‘We Must Ensure Our Nation Remains Worth Fighting and Dying For’
Kevin Nicholson, Contributor to The Hill
There are roughly 20 million American veterans alive today, and some estimates indicate that as many as 60 million Americans have served in uniform since our nation’s birth. They’ve often served in far-flung places such as Normandy, the Chosin Reservoir, Germany, Libya, Okinawa, Fallujah, Mexico, Vietnam, Haiti, Kandahar and so many others.
Some served and fought closer to home — in places such as Manassas, Va., Gettysburg, Pa., and Lexington, Ky. Many spent their last days on Earth in these places. Although Memorial Day is a solemn remembrance of those we’ve lost on duty, Veterans Day is the day when we thank all of our veterans for their service and sacrifice.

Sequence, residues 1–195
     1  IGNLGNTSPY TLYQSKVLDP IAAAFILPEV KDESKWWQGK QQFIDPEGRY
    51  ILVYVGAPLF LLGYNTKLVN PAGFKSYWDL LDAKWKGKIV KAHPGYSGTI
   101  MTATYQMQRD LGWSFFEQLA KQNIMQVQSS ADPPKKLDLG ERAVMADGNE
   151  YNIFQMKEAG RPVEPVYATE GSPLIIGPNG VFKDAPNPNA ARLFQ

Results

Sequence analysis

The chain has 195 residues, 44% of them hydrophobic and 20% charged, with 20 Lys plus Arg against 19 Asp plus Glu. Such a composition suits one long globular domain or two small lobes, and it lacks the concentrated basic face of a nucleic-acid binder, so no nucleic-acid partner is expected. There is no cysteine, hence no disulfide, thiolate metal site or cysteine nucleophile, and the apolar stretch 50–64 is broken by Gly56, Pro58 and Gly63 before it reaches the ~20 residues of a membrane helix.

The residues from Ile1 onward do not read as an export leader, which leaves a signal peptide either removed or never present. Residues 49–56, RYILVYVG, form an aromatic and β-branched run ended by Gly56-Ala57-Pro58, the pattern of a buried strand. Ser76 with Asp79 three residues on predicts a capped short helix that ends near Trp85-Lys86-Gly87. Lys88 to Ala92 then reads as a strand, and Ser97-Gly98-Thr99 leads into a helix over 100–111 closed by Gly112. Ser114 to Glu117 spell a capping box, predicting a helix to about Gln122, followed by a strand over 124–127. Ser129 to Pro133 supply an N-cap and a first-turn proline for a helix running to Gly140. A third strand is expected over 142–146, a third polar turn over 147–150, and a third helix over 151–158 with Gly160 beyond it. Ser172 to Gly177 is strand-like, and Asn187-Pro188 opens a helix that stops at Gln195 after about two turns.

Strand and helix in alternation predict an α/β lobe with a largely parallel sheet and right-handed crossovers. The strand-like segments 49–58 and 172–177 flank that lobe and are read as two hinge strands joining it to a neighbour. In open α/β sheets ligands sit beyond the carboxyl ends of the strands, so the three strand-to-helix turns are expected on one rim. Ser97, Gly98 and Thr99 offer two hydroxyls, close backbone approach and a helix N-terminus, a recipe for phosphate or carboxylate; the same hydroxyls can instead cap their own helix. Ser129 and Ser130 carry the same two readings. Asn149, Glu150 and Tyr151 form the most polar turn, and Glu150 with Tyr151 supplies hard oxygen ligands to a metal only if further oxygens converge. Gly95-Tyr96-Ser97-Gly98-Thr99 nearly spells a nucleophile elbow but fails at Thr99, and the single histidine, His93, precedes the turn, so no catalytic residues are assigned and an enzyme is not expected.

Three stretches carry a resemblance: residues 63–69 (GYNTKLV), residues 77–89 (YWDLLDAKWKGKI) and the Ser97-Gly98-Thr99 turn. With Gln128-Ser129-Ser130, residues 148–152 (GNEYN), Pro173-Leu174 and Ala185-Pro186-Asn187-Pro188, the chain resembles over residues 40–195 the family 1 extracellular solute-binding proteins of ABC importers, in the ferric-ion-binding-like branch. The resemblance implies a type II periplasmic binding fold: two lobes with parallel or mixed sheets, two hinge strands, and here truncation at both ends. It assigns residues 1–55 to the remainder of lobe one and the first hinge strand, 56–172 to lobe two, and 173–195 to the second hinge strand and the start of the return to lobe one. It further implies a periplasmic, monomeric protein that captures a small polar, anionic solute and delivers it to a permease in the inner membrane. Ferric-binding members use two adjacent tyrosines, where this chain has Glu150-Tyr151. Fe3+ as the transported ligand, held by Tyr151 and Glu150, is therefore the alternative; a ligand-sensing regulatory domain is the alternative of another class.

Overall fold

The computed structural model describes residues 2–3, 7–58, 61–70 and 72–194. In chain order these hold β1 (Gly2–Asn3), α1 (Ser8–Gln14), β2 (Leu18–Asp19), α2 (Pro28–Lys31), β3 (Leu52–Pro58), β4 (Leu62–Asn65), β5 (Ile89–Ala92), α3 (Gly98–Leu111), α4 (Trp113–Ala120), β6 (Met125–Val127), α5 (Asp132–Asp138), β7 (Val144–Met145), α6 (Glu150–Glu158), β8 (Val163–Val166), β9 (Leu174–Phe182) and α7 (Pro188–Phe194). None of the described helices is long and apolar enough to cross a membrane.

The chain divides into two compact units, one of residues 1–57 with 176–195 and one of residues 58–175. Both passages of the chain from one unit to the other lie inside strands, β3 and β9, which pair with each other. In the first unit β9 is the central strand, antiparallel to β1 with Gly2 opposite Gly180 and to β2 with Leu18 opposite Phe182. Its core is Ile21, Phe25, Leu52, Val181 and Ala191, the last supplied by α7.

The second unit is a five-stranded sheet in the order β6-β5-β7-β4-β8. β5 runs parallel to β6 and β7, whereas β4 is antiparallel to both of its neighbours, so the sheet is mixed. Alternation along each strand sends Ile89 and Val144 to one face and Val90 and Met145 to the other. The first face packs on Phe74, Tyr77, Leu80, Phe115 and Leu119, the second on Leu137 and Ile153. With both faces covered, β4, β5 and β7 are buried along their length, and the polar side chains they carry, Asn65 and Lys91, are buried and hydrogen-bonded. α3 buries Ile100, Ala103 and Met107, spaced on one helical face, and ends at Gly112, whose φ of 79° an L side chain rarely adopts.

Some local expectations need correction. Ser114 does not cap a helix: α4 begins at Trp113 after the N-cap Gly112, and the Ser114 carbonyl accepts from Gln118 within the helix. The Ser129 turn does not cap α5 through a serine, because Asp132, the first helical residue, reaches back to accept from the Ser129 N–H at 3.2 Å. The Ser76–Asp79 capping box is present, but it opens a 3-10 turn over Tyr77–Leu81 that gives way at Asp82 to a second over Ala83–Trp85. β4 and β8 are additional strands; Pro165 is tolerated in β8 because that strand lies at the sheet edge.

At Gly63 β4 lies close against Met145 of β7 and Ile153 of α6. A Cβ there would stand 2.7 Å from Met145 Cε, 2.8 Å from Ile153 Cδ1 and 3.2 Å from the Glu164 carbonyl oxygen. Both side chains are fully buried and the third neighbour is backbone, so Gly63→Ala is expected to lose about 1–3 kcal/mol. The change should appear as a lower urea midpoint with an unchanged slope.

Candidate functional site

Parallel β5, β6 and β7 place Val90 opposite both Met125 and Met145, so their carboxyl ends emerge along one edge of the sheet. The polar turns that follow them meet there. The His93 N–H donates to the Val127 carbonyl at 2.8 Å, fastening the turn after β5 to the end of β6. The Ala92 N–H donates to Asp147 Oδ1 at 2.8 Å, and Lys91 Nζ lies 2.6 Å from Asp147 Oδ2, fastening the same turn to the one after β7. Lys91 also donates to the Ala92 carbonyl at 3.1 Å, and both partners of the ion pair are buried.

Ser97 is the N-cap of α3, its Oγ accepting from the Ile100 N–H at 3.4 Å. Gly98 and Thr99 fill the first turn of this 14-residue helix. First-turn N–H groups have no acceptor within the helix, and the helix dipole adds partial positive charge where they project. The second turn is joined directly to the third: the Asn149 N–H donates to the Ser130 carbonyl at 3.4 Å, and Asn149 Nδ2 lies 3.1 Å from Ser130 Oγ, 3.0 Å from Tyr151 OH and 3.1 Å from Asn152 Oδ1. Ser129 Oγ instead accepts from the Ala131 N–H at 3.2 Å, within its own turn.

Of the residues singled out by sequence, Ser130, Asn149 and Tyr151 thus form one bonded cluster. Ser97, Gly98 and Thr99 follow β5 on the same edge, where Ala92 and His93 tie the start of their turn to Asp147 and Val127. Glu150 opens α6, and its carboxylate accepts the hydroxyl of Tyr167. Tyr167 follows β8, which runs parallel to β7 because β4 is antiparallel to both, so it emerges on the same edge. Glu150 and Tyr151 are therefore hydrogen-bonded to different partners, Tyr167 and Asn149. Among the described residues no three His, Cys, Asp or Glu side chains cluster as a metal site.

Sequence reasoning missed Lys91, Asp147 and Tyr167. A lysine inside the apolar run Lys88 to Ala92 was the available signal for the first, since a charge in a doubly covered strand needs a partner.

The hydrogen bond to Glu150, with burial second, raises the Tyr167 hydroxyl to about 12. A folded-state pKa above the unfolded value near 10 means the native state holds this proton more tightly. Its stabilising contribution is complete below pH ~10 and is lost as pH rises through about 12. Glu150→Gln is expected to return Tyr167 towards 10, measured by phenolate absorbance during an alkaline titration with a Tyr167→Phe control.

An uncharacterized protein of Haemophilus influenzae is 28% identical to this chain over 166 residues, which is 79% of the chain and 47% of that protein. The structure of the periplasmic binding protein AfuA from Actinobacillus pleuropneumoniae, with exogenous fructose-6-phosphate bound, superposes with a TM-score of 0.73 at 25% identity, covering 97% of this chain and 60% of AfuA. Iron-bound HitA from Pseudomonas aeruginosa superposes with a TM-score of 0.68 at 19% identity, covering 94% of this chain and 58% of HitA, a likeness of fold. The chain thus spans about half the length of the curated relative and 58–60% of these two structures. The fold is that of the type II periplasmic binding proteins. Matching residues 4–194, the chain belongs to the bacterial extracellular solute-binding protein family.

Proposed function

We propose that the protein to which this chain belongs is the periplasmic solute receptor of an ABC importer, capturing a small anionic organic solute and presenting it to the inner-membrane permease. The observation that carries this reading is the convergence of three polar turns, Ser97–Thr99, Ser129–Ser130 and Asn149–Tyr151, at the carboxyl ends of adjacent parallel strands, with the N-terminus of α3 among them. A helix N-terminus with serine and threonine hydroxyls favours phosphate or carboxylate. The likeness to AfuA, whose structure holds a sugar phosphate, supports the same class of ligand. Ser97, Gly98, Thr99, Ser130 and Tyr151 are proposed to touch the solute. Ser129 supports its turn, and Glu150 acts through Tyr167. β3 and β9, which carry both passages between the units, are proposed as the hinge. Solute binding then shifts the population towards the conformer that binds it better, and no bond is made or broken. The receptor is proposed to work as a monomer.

And although it’s often forgotten when we speak of large amounts of sacrifice over long spans of time, each of these American veterans was a living, breathing person with hopes and dreams for their future. Their military service likely altered those hopes and dreams. For some, like me, service opened up opportunities to take on challenges in education and career fields that never would have occurred without the benefit of military training and experience.